Symbols and Motifs
A symbol is representative of something else and a motif is a repeated image or phrase. They can be either literal or symbolic. Think charging river symbolizing change, or a serene field as safety or peace.

As you write and rewrite, think about how you can pull your reader deeper into the layers of your story.

Wednesday, March 7, 2012

To bling or not to bling?

I’ve always thought of style as personal decisions about fashion.Which trends to follow? How much or little of the trends to follow? Classic. Retro. Fads. Who to listen to–Vogue?–Elle? So many choices: sweaters, shorts, shoes, earrings, hair, lip colors. . .
Wait, where was this going? Oh, right–Style.
In writing, I think of style as being my personal writing wardrobe. On the first draft, I just try to knock the storyline out. Who, what, when, where, why and how. There are even gaps in that when I declare the first draft done. The fun for me is in the revision.
I know, some people write beautifully on their first draft. I secretly hate them.
When I have a basic story I go back through it several times to work on images and style. This isn’t that unusual–lots of writers do this.
One of the things I try to notice is the sentence fluency. Long and short. Variety in the beginning words. Sentence structure matches the meaning and emotion. Artistic sentences that add depth through simile and metaphor or repetition.
I’m reading a YA book right now (Heist Society by Ally Carter–very fun by the way) that has a lot of examples that make the sentences interesting to read. Sometimes they enhance the story. Sometimes they deepen a character. Here’s an example:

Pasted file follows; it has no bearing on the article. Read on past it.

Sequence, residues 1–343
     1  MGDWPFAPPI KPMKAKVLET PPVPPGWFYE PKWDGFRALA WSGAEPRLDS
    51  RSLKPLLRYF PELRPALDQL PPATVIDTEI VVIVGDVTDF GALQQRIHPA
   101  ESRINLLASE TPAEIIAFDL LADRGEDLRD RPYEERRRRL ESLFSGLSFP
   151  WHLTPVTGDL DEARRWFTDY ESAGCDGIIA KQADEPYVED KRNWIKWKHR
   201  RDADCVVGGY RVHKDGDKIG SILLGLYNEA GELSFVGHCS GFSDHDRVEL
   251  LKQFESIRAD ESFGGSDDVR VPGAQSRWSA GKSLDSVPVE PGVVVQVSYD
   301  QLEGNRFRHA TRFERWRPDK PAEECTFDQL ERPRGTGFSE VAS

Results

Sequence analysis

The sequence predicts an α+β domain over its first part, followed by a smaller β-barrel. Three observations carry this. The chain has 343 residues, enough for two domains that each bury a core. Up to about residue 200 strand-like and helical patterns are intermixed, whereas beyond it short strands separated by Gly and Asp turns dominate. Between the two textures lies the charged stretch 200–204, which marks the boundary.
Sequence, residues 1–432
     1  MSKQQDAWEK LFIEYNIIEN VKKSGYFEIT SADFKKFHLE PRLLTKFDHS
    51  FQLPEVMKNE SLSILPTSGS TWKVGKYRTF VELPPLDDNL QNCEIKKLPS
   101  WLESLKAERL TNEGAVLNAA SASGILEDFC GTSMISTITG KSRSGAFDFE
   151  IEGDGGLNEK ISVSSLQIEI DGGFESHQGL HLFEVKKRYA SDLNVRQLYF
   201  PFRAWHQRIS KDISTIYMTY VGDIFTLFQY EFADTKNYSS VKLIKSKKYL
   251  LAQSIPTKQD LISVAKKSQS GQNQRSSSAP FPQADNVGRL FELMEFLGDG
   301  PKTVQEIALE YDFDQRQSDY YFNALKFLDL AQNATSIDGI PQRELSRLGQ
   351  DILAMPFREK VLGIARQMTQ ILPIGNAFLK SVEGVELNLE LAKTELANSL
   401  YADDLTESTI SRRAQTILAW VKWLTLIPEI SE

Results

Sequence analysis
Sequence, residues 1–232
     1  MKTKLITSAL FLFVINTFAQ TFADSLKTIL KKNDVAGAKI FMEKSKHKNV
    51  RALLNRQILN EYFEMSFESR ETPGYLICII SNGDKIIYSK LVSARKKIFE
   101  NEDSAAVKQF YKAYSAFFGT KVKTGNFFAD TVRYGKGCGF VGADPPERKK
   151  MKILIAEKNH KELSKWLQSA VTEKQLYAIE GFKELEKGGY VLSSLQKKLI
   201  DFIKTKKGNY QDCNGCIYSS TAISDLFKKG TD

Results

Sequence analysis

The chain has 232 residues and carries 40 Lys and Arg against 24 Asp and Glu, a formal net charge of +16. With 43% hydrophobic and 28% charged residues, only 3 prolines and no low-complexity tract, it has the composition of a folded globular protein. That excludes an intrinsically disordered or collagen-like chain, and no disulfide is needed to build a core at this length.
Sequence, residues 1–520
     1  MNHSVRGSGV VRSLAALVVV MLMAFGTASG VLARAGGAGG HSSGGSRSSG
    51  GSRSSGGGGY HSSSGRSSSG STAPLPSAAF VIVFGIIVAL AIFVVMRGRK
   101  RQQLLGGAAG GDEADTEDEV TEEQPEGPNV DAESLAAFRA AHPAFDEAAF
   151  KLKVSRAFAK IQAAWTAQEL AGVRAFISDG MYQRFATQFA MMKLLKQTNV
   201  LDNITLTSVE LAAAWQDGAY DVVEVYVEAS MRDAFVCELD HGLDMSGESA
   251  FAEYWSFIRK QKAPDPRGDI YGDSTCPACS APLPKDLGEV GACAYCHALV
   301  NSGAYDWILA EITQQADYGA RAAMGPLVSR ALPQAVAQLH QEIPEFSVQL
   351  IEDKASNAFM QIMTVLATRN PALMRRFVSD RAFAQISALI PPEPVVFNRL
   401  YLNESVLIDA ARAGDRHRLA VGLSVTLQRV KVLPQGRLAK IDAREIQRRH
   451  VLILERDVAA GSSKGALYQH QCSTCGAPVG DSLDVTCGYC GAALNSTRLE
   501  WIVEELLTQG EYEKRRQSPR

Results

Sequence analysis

Hale (very cute, rich boy) is talking to Katrina (protagonist, long time friend of Hale)
“That’s sweet, Kat. Maybe later I’ll buy you a university. And an ice cream.”
The author used hyperbole to show us the playful nature of their relationship.
Here’s another example of style in a conversation between Kat and her uncle (Their family has had a little falling out, and things are still awkward.)
“I’m here,” Kat said in a softer voice.
She didn’t say, I can hear you.
She didn’t tell him, I came home.
She didn’t promise, I’m not going anywhere.
In this passage, the author uses a parallel sentence structure for the three sentence to simulate pleading, and the paragraph spaces between sentences to enhance the isolation the main character is feeling.
Style is the way an author uses sentence structure and meaning together. It’s the intention and expression of meaning that makes the sentences memorable. It’s the sentences that make the reading natural. Style looks and sounds right.
Style in writing separates one great story from hundreds of good ones.

Like Yves Saint Laurent said,“Fashions fade, style is eternal.”